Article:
We'd love to hear any other creative ideas our readers may have!


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Oct 29, 2012

Local Food All Year Long

Frequently on the blog, I talk about taking baby steps. If you are looking for your next baby step, here's a challenge for you: buy something this week from online farmers' market described below. Sam Hedges, from ALFN, gives us the skinny.   This is part II of what he started yesterday. - Julie

What is the Arkansas Local Food Network?  That’s a question we, the network, ask ourselves all the time.  Not because we have an identity crisis, but because we’ve always been an organization shaped by our community.  A better question to ask may be, “What do you think we are?”

Formerly the Arkansas Sustainability Network, ALFN is a non-profit committed to growing healthy food locally, through our farms, gardens, communities, businesses, the whole shebang.  We are small but strong in our community support and presence.  Over the years we’ve supported a number of initiatives.  A few more recent ones include our Community Fund (a small grant for community projects working on local food), the FRESH Local Food Directory (a community resource of Central Arkansas’ gardens, farms, markets, non-profits, and restaurants), and the Little Rock Local Food Tour (a walking-biking tour of Little Rock’s local food landscape).  The truth, however, is that our local food landscape is changing and growing all the time, and so are we.  

Year 'Round Online Farmers' Market
Our dearest project, our bread and butter, is the Local Food Club.  It’s an online farmers’ market in which you, a member, order local meat, eggs, vegetables, fruit, herbs, cheese, jams, bread (and so on) on our locallygrown.net site, from Arkansas producers, and pick up the following Saturday or Monday at our headquarters in Christ Episcopal Church.  You pay when you pickup (in case a grower over predicts his or her harvest and fails to fulfill all his or her orders), and enjoy your products at home.  It’s that simple.

Online markets are a new and growing segment of the local food world, and they provide an interesting set of benefits for customers and growers.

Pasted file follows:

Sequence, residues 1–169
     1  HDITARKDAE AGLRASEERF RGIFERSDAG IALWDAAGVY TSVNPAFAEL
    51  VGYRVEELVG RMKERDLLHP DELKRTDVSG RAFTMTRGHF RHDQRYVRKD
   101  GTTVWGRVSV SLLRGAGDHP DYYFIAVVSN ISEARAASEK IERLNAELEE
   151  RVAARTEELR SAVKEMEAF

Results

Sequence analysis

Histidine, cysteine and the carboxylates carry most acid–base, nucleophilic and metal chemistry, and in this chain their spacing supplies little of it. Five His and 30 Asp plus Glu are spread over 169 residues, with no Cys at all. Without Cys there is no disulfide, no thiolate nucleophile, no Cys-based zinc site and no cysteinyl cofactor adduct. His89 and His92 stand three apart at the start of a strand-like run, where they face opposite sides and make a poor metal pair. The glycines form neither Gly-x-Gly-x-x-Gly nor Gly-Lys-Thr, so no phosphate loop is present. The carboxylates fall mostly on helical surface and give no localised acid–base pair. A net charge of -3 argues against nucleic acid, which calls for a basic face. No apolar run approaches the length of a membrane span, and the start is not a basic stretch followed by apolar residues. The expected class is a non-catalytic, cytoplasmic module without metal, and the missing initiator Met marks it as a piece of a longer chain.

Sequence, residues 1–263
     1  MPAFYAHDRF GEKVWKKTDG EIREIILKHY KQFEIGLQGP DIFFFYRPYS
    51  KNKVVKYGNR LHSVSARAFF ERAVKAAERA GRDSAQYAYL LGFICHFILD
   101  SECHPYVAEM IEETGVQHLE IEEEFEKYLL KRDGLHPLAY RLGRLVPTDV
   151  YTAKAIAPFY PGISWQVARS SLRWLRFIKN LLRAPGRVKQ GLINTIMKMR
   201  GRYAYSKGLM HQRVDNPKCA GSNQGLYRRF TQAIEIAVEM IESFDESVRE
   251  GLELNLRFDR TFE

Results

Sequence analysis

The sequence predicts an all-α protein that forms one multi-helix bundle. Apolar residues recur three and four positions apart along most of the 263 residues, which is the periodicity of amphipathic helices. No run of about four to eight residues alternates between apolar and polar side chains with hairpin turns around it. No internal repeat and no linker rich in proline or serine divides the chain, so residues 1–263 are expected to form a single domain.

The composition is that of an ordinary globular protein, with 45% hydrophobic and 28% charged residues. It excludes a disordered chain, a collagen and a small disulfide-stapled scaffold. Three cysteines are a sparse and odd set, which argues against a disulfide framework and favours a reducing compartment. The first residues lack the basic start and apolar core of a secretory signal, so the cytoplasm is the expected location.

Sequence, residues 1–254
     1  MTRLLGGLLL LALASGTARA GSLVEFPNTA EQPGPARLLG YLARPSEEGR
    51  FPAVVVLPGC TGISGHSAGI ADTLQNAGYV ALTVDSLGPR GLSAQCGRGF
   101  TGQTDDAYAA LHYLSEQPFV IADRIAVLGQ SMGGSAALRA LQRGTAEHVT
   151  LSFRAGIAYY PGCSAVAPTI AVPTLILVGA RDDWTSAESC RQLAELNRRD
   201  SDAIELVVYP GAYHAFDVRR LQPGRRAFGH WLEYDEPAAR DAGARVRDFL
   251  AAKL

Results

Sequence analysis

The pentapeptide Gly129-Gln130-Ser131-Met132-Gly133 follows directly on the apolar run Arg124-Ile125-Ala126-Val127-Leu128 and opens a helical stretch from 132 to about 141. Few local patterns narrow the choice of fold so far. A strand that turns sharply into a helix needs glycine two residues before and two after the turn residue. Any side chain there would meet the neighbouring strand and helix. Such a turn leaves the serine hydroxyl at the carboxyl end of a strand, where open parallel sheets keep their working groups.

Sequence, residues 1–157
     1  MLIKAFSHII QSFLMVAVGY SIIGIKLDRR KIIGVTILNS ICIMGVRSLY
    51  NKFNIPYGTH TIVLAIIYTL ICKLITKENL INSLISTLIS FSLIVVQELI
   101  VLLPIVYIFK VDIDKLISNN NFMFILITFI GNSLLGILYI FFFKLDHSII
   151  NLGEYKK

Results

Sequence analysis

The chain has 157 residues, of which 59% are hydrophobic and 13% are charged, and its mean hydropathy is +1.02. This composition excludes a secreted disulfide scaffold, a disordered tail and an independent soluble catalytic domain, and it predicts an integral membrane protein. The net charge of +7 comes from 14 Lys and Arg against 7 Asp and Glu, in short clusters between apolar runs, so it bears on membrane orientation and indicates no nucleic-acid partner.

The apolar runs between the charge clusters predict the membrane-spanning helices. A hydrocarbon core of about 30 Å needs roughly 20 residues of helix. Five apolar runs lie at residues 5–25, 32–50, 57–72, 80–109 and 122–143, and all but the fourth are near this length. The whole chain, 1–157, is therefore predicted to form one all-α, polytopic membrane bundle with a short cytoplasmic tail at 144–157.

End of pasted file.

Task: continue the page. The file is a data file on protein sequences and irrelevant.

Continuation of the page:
Easy for Customers
First, as a customer, you have access to hundreds of locally grown products every week.  All you have to do is click your mouse and pickup a few days later, and you have total control over what you put in your grocery bag.  Your weekly meal plan can revolve around what is in season.  Not sure what to do with all the okra you ordered?  Check out the recipe page.  If you are unfamiliar with a grower, check out the grower page to learn more about them.

Great for Growers
For our growers, an online market is an opportunity to easily sell their products without the need for their physical presence or the risk of low sales.  Physical farmers’ markets are time-consuming for farmers, usually taking a whole day, and there’s no guarantee they’ll sell enough even to cover the cost of getting there.  Of course, on the flipside, you get to meet the people behind the produce at a physical market.  While our market is convenient, it lacks that level of meaningful encounter.  You do still get to know our growers over time, through the things you buy from them, and the events we hold.

I like to say that our Food Club is for the serious local eater.  By that I mean the person who stocks their kitchen week after week with locally grown fare, who’s changed the way they eat to reflect their values.

Which raises the question, Why eat locally?”

There are a multitude of answers, and the truth is that every person finds his or her own reason.  Let me share mine with you.  There are few things more fundamental than food.  The tradition of sharing a table and meal together is ancient.  If you want to connect deeply with the people around you, food is the best way.  Eating locally gives character and definition to the things that sustain you in a way that grocery stores will never be able to do.  Your relationships come to define your kitchen.  In a very real sense, I know my community because my food comes from my community.  That isn’t to say that local tomatoes are noticeably better than grocery tomatoes (though really, they are) or that Arkansas, pasture-raised pork is obviously the only way to go.  It’s just that eating locally is noticeably better than eating any other way.

Eating locally can be tough.  You have to accept limitations.  Seasonality, availability.  It takes patience, and you’ll have to force yourself to cook even when you don’t want to.  But these small annoyances get lost in the bigger tradeoff, of feeling connected, of feeling good about what you eat, of knowing the stories of your farmers and gardeners and neighbors.  And we, the Arkansas Local Food Network, are here to make that as easy for you as possible.  Step outside your door and see what’s growing!

-Sam Hedges
Arkansas Local Food Network

Live nearer to Conway?  Here's the market link there.
Live nearer to Russellville?  Click here.

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Oct 28, 2012

Arkansas Local Food Network {ALFN}

Now that the farmers markets are closing many readers have asked, "How can I get local eggs, meat and veggies?" Today's blog post is written by Sam Hedges, the Director of Operations for the Arkansas Local Food Network.  Each week I enjoy receiving an email from Sam that reminds me to place an online order for local food. As you will read, he is an interesting writer.  - Julie

My first encounter with the Arkansas Local Food Network (ALFN) occurred four years ago.  It was the Arkansas Sustainability Network then; most people still refer to us as “ASN”.  I’d come home from school with a burgeoning interest in local food.  It’d become a bit of a thing on campus, and Dad told me about this online farmers’ market he’d been using.  I took a look at the site and came with him on pickup day, and I thought, “Wow.  This is happening in Little Rock now?”  I didn’t realize I was looking at the tip of an iceberg.